Duncan Touts College Access and Completion as Top Higher Education Policy GoalsMarch 12, 2009 |
by Ronald Roach
U.S. Education Secretary Arne Duncan said increased college access and higher college completion rates are key U.S. higher education goals being targeted with stimulus package funding. Following President Barack Obama’s Tuesday announcement in Los Angeles of his education priorities, Duncan outlined specific K-12 and higher education goals in a conference call with reporters on Wednesday.
“What we’re trying to do, and again this is an unprecedented level of resources, is dramatically increase access and opportunity. Over the next two years with over $31 billion that’s going to go into increased financial aid and grants to students more than 7 million students will get more money and 2.6 million students will get access to aid for the first time,” Duncan said.
“It’s an unprecedented commitment to increase access to college,” he added. The stimulus package, approved last month to revive the ailing U.S. economy, authorized a total of $787 billion in federal spending.
Duncan emphasized the administration wants to see college completion rates dramatically increased and has directed stimulus package towards that goal. Obama has challenged the U.S. higher education system to produce the world’s highest rate for college completion by 2020. According to the Organization of Economic Cooperation and Development, the United States is ranked 10th among industrialized nations in the rate of associate degree completion and higher by adults aged 25 to 34. Thirty-nine percent of American adults 25 to 34 have completed an associate degree or higher.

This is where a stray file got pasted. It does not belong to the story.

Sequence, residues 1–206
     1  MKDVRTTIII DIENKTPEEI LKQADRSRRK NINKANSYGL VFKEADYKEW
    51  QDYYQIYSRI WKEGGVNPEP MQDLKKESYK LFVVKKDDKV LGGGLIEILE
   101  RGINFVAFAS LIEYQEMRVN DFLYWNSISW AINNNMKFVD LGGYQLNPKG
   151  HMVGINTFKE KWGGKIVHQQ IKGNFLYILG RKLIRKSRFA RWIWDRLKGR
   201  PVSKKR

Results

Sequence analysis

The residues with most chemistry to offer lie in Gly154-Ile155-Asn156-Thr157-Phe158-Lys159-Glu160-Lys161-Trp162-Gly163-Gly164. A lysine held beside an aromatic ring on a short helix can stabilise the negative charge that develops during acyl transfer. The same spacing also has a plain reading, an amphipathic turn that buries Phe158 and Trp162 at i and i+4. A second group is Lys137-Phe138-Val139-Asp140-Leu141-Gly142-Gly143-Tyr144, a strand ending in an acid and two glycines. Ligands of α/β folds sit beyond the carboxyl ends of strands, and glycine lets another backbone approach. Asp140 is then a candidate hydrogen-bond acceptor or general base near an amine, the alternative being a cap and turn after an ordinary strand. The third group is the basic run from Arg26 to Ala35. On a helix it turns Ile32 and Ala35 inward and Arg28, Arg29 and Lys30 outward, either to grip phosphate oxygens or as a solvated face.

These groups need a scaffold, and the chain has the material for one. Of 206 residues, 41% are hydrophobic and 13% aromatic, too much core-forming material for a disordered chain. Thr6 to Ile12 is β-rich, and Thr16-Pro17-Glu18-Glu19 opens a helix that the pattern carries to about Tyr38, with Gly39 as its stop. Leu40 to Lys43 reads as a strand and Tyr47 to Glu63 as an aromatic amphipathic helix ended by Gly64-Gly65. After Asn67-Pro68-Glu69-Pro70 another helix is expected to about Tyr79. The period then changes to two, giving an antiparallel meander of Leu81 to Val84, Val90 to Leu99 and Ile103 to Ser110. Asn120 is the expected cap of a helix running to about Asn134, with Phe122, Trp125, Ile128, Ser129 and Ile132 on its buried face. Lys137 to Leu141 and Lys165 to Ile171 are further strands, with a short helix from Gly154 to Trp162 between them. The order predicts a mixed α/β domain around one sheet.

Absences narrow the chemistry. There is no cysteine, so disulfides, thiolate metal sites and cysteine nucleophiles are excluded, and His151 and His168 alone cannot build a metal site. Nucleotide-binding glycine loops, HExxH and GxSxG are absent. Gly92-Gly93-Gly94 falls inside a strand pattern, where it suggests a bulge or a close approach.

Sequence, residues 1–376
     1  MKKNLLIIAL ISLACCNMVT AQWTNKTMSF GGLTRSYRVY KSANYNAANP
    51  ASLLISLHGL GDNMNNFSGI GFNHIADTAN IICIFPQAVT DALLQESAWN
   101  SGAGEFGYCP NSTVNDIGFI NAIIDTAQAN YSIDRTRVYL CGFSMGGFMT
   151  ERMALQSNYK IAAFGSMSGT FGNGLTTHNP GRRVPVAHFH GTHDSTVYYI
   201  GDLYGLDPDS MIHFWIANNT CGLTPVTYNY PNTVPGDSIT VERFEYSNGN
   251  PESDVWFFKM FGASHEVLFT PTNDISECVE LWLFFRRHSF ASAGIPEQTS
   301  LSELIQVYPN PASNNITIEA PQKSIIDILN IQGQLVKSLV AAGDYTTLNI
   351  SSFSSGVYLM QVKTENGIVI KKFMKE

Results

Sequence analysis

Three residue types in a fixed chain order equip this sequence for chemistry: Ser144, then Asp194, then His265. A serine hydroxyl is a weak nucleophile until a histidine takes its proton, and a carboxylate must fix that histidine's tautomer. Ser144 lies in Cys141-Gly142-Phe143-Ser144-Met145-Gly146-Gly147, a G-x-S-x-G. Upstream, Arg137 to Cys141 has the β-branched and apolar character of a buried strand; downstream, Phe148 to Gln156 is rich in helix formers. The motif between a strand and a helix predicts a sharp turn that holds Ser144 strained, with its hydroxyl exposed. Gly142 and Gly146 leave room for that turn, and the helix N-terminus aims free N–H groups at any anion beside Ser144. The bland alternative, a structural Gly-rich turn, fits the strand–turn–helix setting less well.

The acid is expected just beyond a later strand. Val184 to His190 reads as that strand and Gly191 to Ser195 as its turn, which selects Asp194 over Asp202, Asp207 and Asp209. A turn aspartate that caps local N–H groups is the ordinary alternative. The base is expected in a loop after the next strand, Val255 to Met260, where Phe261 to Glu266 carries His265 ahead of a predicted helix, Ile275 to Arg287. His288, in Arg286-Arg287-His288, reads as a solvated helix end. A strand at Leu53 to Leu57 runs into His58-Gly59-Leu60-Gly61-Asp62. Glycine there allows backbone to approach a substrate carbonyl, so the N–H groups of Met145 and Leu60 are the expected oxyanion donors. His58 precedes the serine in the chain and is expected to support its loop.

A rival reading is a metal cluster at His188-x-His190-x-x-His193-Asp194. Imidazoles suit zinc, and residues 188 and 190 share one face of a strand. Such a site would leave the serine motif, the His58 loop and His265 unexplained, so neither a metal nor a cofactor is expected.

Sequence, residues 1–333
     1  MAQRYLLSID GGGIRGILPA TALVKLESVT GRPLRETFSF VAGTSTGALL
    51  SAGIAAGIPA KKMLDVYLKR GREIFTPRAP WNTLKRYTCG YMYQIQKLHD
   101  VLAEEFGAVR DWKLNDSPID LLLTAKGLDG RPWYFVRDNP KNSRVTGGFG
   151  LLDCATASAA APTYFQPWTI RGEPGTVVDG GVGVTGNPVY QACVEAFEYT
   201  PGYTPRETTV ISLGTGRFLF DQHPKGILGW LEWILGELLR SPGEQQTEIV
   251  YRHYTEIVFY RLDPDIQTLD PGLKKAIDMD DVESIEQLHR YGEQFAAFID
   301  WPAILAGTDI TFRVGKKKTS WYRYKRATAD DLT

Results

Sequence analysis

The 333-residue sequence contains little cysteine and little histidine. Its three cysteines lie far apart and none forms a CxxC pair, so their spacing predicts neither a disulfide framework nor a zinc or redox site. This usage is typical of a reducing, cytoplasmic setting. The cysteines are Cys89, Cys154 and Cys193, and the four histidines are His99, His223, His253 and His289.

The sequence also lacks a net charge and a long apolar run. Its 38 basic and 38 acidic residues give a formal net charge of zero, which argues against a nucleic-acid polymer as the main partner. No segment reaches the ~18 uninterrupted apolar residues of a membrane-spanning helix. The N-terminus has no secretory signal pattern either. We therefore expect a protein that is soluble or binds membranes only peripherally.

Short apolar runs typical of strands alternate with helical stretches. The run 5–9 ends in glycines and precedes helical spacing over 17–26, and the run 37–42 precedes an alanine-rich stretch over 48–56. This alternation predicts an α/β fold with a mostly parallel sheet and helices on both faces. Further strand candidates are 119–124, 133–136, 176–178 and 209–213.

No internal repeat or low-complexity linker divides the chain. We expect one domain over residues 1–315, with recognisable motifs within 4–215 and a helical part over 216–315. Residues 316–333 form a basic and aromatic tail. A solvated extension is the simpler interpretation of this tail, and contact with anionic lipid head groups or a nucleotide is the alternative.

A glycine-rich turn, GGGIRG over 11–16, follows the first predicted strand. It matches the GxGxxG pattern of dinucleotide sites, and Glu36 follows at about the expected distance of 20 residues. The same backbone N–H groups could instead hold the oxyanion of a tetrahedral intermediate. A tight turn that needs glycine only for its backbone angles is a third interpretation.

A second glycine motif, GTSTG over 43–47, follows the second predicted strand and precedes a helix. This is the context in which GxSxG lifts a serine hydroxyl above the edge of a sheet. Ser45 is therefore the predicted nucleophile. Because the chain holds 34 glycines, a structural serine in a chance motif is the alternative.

“We also have in the package $2.5 billion — $500 billion (each year) over the next five years — to increase completion. We want to dramatically increase the numbers of students not just going to college but completing it,” Duncan said.
Calling the commitment the Obama administration is making to K-12 and postsecondary education in the United States ‘extraordinary,’ Duncan endorsed reformist measures, such as opening charter schools and lengthening the public school year, which the president touted in his education remarks before the U.S. Hispanic Chamber of Commerce on Tuesday.
“(President Obama) put forth a litany of policy proposals. He challenged all of us to think differently,” Duncan noted.
The education secretary emphasized that the federal government will be looking for leadership from the states that have demonstrated improvements in public education.
“We’re going to work with a set of states that are going to reverse this race to the bottom and do exactly what (the education plan) is called — it’s called the ‘Race to the Top.’ And we’re going to work with states who are willing to challenge the status quo,” Duncan said.
© Copyright 2005 by DiverseEducation.com